Now, for those who may be reading this and averring that such a fad is unlikely to take hold, and that we should simply trust typographers to the arbiters of aesthetic judgements about beauty in typography, let me share a little-known fact I learned in late 2014. I offer it up as further evidence...

Most modern typographers are perfectly satisfied with scalable vector fonts, unaware that their pre-computer ancestors would have been horrified at the loss of the optical scaling of fonts. The idea that you can just geometrically scale a font up to whatever size you need, without taking account of how the letter shapes and stems should change to preserve the essence of the font design and maintain both readability and aesthetics, is a horror story that we're all, unconsciously suffering through. In the good old days, fonts were designed for maximum beauty and legibility for each specific font size. The old-time craftsman would be shocked that their art has been trodden so far into the dirt. If you can find a copy of Harry Carter's 1937 article on optical scaling, it's well worth the read. (An article that discusses Carter's article is called From the Optical Scale to Optical Scaling.)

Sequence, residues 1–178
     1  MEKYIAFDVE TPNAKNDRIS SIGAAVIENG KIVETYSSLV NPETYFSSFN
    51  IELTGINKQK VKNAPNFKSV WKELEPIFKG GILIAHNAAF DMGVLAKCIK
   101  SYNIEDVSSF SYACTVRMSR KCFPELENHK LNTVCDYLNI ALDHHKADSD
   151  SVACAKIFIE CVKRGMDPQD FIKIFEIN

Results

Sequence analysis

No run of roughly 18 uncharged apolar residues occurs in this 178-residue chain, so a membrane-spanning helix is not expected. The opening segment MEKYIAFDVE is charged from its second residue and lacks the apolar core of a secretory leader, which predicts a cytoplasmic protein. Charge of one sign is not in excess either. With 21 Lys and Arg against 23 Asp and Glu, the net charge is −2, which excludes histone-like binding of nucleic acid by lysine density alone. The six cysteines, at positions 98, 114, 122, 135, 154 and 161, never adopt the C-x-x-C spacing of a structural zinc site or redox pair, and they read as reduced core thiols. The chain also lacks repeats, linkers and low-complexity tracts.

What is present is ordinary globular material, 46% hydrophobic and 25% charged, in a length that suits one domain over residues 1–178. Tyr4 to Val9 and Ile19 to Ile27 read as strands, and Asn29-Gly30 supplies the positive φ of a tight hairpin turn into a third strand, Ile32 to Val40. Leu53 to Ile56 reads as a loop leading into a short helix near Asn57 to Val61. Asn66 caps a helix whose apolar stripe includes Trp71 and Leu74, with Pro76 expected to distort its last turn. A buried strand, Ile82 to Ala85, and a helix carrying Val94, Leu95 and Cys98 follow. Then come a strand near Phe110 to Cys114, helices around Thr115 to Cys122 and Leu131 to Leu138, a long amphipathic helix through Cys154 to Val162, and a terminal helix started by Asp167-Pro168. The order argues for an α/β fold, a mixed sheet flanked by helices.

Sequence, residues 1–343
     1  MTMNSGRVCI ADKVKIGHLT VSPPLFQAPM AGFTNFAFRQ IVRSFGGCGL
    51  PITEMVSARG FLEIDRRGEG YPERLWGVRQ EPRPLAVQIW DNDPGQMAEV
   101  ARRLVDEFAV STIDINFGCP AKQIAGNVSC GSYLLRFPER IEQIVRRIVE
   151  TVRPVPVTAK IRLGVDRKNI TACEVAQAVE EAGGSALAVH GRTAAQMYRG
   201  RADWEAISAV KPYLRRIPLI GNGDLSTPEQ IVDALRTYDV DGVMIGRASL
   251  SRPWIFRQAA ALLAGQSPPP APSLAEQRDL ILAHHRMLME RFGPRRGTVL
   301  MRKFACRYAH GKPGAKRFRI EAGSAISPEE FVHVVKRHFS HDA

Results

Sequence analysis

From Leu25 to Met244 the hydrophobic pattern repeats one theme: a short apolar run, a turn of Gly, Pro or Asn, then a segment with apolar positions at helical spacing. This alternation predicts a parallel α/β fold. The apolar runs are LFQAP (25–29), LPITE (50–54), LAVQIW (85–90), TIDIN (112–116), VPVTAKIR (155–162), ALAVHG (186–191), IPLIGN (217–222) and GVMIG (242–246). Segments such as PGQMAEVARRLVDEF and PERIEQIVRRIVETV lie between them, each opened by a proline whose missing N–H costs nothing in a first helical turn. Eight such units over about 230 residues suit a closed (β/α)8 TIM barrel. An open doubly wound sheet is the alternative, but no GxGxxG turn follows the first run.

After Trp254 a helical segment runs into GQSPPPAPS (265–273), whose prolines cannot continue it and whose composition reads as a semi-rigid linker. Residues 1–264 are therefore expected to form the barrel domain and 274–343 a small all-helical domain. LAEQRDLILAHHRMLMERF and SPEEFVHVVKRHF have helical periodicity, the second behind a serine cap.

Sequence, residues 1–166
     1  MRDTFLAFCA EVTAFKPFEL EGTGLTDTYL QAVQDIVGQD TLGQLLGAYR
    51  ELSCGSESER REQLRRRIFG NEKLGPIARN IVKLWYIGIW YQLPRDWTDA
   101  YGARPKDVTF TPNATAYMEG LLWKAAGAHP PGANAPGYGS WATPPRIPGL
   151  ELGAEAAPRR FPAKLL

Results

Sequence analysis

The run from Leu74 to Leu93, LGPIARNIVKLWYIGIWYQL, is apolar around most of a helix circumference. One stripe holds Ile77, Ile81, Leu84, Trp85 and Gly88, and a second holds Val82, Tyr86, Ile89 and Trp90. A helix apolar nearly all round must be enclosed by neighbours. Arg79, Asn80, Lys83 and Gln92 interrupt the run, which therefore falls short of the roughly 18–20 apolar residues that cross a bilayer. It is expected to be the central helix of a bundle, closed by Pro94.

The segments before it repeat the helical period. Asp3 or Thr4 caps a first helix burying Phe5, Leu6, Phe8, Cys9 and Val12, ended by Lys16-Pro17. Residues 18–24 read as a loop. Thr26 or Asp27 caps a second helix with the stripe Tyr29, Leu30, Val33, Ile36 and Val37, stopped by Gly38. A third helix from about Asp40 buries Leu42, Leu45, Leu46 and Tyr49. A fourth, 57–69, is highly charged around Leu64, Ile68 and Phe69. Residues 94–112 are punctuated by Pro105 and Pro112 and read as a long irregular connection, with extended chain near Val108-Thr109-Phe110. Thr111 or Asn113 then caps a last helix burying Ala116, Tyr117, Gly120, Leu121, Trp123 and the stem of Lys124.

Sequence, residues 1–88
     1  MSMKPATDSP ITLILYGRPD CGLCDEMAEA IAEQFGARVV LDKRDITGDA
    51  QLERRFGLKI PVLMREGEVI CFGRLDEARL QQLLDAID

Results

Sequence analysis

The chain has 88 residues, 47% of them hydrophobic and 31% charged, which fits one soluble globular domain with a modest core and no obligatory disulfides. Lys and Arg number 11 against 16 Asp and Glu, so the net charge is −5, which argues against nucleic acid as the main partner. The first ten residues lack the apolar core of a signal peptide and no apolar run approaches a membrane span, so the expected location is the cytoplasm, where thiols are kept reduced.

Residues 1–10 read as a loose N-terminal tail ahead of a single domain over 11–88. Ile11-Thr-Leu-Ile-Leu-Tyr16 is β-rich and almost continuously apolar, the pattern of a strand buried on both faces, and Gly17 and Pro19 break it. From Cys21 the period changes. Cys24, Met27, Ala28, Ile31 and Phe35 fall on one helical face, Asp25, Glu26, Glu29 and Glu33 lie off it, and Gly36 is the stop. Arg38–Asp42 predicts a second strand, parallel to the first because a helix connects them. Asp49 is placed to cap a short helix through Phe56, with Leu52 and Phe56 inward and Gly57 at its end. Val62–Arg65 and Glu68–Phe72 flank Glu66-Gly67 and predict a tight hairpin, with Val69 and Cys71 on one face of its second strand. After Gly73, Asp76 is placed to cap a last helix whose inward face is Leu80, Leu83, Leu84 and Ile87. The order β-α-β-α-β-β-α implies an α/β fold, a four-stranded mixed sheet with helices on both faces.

Yet the number of modern typographers who are even aware of this topic is minuscule; and no computer operating system and no font technology vendor (especially Adobe), have algorithms and software in place to address the problem and achieve the quality that the old-timers routinely achieved. Here is a paper on some work done on it 20 years ago, which has since languished: Dynamic optical scaling and variable sized characters, and 28 years ago A model for automatic optical scaling of type designs for conventional and digital technology, but these papers have been largely ignored, and people have simply come to accept the poor quality as all they can expect – exactly as they have come to accept the use of the same gap between sentences as is used between words, I argue. I think what happened is that at the time the problem was noted, the solutions were too costly for the computing power available at the time, and since then people have simply come to accept the lower quality, because the effect is subtle.

It's interesting how perceptions and attitudes shift over the years. It's still my hope, though, that the older and superior quality might yet make a return to fashion. And I feel that this blog post is something small which I can contribute to the topic.